By M. Scott Morris
Northeast Mississippi Daily Journal, Tupelo.
Leigh Ann Leslie believes she’s doing what’s she’s supposed to do, but that wasn’t always the case.
About seven years ago, she realized she hated her job.
“The reward there for working hard was more work: ‘You finished yours, can you finish theirs?'” the Tupelo resident said. “Did they give me any more money? Uh-uh.”
She was 26 at the time, and she had a plan. A few years earlier, she’d signed up as an independent consultant for BeautiControl, a cosmetic, skin care and spa treatment company based in Texas. She hadn’t done much with the company, but she decided it was time to try.
“People thought I was nuts when I started doing this job: ‘You’re going to do what? Sell lipstick? You don’t wear lipstick,'” she recalled. “They were right, I didn’t. Now red is my signature color. It kind of taught me to take care of myself.”
These days, Leslie, 33, is her own boss. An assistant helps her on a part-time basis, and she has about 850 consultants working under her.
“We can sell the products, and we can recruit others,” she said. “I have people in 19 states. If they need me, they call me.”
One of her recent rewards for doing more work was a red 2015 Mercedes C250 Coupe.
“I’ll probably keep it, just because it’s fun. It drives and handles really well,” said Leslie, who took the cash option a few years ago when BeautiControl tried to give her a Ford Mustang.
Back when she first decided to work seriously with the company, Leslie attended a conference in Dallas, where Darren Hardy, publisher of Success magazine, was a featured speaker.
“He said, ‘You can be anywhere you want to be in this company in six months if you can get the negativity out of your life,'” Leslie said. “That’s what I did. I got the negativity out of my life. Once I was dating a guy who was negative, and I had a lapse in the business. I had to go back to what I teach my people.”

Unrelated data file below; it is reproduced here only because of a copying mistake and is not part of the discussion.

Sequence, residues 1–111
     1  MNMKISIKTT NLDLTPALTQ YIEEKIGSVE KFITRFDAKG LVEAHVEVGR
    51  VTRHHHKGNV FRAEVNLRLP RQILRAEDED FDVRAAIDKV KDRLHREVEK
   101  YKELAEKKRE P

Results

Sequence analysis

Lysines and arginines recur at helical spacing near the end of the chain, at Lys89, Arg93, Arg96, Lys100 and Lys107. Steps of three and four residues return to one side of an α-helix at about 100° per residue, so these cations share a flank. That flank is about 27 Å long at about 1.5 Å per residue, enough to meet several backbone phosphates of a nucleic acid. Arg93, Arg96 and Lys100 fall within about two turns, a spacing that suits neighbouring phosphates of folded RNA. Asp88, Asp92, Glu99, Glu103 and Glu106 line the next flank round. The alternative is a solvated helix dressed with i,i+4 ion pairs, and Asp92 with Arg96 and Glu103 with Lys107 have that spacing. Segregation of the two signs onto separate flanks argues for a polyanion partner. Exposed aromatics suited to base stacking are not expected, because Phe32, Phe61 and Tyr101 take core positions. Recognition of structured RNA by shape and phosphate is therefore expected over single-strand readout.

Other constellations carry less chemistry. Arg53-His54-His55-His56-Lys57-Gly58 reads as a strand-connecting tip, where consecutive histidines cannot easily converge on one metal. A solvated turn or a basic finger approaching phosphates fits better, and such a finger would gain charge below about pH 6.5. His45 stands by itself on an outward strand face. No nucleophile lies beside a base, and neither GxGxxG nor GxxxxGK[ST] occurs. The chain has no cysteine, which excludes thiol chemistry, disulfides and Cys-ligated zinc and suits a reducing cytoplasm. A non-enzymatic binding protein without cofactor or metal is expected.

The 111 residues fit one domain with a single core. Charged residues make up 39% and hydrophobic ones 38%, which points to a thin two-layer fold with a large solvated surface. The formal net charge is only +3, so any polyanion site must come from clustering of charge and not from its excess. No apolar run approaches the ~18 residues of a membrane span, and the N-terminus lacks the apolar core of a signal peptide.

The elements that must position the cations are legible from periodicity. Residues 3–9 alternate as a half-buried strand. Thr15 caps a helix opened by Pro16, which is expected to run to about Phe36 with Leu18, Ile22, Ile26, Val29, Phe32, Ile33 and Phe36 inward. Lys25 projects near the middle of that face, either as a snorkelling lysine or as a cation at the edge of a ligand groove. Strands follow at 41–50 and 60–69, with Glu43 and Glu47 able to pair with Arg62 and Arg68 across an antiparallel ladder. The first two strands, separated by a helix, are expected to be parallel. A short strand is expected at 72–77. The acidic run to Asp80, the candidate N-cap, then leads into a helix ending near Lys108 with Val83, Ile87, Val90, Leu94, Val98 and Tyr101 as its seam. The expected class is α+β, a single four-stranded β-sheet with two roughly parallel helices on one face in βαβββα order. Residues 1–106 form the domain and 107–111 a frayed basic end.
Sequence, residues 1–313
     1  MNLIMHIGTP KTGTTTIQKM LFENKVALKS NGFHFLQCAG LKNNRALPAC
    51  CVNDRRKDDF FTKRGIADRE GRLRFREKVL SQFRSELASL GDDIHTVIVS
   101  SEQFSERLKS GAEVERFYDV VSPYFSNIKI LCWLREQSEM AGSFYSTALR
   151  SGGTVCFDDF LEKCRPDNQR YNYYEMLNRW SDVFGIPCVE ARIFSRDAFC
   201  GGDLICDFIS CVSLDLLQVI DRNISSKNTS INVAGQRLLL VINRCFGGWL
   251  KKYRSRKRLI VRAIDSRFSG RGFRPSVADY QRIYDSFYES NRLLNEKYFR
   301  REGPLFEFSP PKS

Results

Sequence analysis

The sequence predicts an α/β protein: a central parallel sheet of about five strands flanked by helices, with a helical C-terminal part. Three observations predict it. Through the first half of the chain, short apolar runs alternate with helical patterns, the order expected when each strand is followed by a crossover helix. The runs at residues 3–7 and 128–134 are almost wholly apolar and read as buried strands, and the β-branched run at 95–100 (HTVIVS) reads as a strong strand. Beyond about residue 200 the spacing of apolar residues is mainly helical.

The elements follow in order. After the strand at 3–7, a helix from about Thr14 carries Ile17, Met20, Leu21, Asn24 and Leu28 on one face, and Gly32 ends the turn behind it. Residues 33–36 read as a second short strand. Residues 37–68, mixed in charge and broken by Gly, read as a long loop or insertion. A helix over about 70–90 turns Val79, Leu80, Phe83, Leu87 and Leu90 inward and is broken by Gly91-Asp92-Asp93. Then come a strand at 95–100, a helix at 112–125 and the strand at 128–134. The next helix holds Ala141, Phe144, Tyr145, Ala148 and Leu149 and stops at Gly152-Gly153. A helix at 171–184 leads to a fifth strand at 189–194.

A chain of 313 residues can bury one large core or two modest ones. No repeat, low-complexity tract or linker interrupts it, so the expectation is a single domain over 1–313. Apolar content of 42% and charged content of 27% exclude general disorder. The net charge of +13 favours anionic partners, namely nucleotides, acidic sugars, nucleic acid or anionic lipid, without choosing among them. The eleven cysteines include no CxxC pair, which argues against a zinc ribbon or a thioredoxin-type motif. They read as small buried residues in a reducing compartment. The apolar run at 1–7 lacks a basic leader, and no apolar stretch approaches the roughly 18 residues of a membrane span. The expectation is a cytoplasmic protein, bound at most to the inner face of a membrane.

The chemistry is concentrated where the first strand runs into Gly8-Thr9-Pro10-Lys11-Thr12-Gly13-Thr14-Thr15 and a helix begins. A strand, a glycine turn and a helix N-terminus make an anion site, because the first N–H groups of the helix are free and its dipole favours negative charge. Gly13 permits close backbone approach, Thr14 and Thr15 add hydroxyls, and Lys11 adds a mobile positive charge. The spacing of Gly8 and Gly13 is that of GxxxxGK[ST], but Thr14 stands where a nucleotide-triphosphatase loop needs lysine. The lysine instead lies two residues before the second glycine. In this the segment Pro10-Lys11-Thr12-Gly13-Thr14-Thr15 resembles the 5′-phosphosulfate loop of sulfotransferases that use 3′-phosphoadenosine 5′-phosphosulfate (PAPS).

She shares Hardy’s lesson, but she also has her own wisdom to impart. Leslie said she focuses on making people feel good, rather than on selling products.
She puts on spa parties at homes, businesses and schools. Her first one was a disaster that stretched over four hours because she kept showing one product after another. She’s learned to keep things to about an hour, and she demonstrates a select few of her favorite items.
“I do a spa, so I pamper women,” said Leslie, who has “Spalady” on the license plate of her Mercedes. “Women have so much to do. They feel guilty for taking care of themselves. I teach that it’s OK to relax. I tell them, ‘You’re taking care of yourselves so you can take care of other people.'”
Leslie said it’s not a complicated job. If she can do it, anybody can.
“It’s simple, but it’s not necessarily easy because you have to do it every day,” she said. “You have to be a self-starter. I had to figure out that I never wanted to have a boss again.”
She’s proud of the business she’s built, but she doesn’t take all the credit.
“I come from good people who love to work,” she said. “Nobody can say anything negative about them, my mom and dad. They’re great people.”
Who cares if they thought she’d taken leave of her senses a few years ago?
“They didn’t believe this was a real job at first, but they do now,” she said. “This is definitely what I was created to do. People were created to love each other and make people feel good, and that’s what I do every day.”